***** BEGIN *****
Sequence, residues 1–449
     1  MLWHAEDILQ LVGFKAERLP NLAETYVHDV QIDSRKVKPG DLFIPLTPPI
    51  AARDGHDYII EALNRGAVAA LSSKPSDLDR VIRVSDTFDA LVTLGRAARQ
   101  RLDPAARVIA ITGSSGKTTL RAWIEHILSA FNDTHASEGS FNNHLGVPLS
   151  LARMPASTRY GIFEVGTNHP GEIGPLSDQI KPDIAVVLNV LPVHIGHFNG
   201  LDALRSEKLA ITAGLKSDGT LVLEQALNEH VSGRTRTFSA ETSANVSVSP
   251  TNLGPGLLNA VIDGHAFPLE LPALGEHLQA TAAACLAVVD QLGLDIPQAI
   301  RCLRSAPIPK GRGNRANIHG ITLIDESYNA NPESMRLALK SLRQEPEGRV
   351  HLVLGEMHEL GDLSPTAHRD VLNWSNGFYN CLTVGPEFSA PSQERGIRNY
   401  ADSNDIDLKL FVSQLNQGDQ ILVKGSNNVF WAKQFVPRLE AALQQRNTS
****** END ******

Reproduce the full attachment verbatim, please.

Sequence, residues 1–449
     1  MLWHAEDILQ LVGFKAERLP NLAETYVHDV QIDSRKVKPG DLFIPLTPPI
    51  AARDGHDYII EALNRGAVAA LSSKPSDLDR VIRVSDTFDA LVTLGRAARQ
   101  RLDPAARVIA ITGSSGKTTL RAWIEHILSA FNDTHASEGS FNNHLGVPLS
   151  LARMPASTRY GIFEVGTNHP GEIGPLSDQI KPDIAVVLNV LPVHIGHFNG
   201  LDALRSEKLA ITAGLKSDGT LVLEQALNEH VSGRTRTFSA ETSANVSVSP
   251  TNLGPGLLNA VIDGHAFPLE LPALGEHLQA TAAACLAVVD QLGLDIPQAI
   301  RCLRSAPIPK GRGNRANIHG ITLIDESYNA NPESMRLALK SLRQEPEGRV
   351  HLVLGEMHEL GDLSPTAHRD VLNWSNGFYN CLTVGPEFSA PSQERGIRNY
   401  ADSNDIDLKL FVSQLNQGDQ ILVKGSNNVF WAKQFVPRLE AALQQRNTS